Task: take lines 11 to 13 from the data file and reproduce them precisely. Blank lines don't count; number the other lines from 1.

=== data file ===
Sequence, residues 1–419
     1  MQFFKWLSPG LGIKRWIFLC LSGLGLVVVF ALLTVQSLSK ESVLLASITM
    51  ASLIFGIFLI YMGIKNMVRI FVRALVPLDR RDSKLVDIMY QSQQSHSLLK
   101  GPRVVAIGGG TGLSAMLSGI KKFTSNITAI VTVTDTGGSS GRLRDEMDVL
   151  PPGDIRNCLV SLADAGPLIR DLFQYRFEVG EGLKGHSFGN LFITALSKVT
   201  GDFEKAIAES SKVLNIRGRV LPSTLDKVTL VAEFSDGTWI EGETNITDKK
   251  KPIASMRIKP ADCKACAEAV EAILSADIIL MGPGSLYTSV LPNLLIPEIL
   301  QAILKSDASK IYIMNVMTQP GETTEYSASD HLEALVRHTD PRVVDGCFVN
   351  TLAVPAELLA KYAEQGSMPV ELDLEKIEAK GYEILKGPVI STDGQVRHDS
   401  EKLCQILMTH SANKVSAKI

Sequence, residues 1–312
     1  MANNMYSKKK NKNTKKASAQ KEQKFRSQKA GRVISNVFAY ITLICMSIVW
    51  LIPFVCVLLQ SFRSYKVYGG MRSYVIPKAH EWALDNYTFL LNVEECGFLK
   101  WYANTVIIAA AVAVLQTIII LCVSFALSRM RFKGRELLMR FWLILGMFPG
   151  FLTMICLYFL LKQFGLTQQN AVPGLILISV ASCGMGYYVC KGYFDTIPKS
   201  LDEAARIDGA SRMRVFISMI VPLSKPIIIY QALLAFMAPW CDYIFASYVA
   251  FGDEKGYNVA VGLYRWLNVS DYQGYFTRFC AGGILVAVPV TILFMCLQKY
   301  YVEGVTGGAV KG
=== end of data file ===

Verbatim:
Sequence, residues 1–312
     1  MANNMYSKKK NKNTKKASAQ KEQKFRSQKA GRVISNVFAY ITLICMSIVW
    51  LIPFVCVLLQ SFRSYKVYGG MRSYVIPKAH EWALDNYTFL LNVEECGFLK